Ted Selker’s favorite childhood toy was a lamp with a plug he often carried around around the house.

“I was so impressed with electricity,” he says. “I would plug it in anywhere, and it would just light up. That the energy was invisible and so powerful just fascinated me.”

Now, Selker, an associate professor of media arts and sciences, still thinks about energy and dreams about a world that spins forever and doesn’t destroy its resources. “I want to create efficient tools and technology to help the world. I see so much that seems so wasteful –– too many steps, too much work, too many resources, too easy to break, too hard to fix,” says Selker, whose vision for us all is to live in a world where we solve problems by using a minimum of the earth’s resources.

Selker’s research has contributed to hundreds of products ranging from notebook computers to operating systems. He is most well-known for inventing the TrackPoint, the in-keyboard pointing device found in many laptop computers.

Selker –– an inventor with 50 patents –– joined the MIT faculty in 1999. Earlier, he worked at IBM’s Almaden Research Center in San Jose, California. He also worked at Xerox PARC and the Atari Research Lab. He taught at Hampshire College, University of Massachusetts at Amherst, Brown, and was a consulting professor at Stanford.

At MIT, he directs the Context-Aware Computing Group, a team of 27 faculty members working to create computers and other machines that can sense people’s needs. In addition, he co-directs the Caltech- MIT Voting Technology Project. He also directs Counter Intelligence, a research group that uses computers to build the kitchen of the future.

One day, it seems, your kitchen may be smarter than you are.


MIT’s Counter Intelligence group develops about a dozen kitchen innovations each year, all designed to make life easier and more efficient. Selker says the kitchen has long been a center for technology and innovation, adding that it was here that electricity, running water, and refrigeration first were introduced.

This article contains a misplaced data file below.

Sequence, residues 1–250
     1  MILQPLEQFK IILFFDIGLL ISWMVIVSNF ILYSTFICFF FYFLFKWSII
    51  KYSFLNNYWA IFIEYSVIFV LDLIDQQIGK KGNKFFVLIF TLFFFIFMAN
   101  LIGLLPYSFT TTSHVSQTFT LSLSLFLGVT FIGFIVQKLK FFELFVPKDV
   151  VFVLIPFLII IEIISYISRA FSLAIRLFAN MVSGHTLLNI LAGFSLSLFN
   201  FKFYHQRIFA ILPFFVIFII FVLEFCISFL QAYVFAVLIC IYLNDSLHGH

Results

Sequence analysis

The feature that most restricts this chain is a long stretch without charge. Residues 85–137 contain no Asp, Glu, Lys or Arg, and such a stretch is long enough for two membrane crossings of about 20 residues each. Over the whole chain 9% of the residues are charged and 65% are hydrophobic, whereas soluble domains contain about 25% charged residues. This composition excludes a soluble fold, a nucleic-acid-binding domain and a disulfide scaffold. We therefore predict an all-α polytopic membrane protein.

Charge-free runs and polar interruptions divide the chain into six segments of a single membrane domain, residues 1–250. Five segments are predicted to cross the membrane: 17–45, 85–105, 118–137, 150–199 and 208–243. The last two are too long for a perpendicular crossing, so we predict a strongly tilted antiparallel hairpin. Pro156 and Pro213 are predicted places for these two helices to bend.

Among the group’s inventions are Waterbot, technology designed to motivate water conservation, and Dish Maker, a dish-making machine that uses a sheet of acrylic to produce only the dishes needed for a meal. Afterward, the dishes go back into the machine and are melted down and recycled. The device is great for a small kitchen and may be more energy efficient than a dishwasher.

Another invention, Living Food, is a life-support system for vegetables and herbs, an automated environment that keeps storebought plants alive much longer than in the refrigerator. And the group also invented an interactive countertop food identifying system with a computer that will talk you through one of a hundred recipes. It reads the bar codes and RFID’s on each food container, then interacts with a scale on the counter to guide the cook through the recipe. The “Minerva” system also uses a camera to determine what items have been set on the counter, say, a tomato and onion, and can suggest what dishes can be made with those ingredients, for example, spaghetti sauce.

Selker says the kitchen is a great spot to experiment, since it’s the heart of the home, a place where people come together. He always loved the kitchen, he says, adding, “My mother used to make 11 loaves of bread on Thursday afternoons, and she’d give the bread away to friends and neighbors. It is an amazing memory.”


Selker grew up in western Washington wanting to be like his grandfather, Harry Selker, who invented the shock absorber. Even though Harry died before Ted was born, he heard fabulous stories about his grandfather and about his inventions. “I love solving problems,” Selker says. “If you tell me about a problem, I immediately set out to find a solution. Actually, I walk around the world very critical. Everything annoys me. Then I set out to fix it.”

On this day, Selker is annoyed because his expensive desk chair does not support his lower back. His camera automatically switches on, wasting the battery. And the chain on his bicycle gets his pant legs dirty. And yet, what annoys him most, “is people who spend 45 minutes driving to work, burning a gallon of gas in each direction. I mean, that bugs the heck out of me. I find it very upsetting that we’re consuming so many resources in a short time,” says Selker, who bicycles 12 miles to work and back.

He says he is most proud of his inventive contributions to developing the notebook computer, which he worked on at IBM. “The notebook computer takes a fraction of the energy and space of a desk computer and allows people to get more done easily.

“Wouldn’t it be great to bring huge reforms to transportation, so people can use a fraction of the energy and have more fun in the process?” he says. “I wish we could rely on our own resources rather than taking resources from the world.”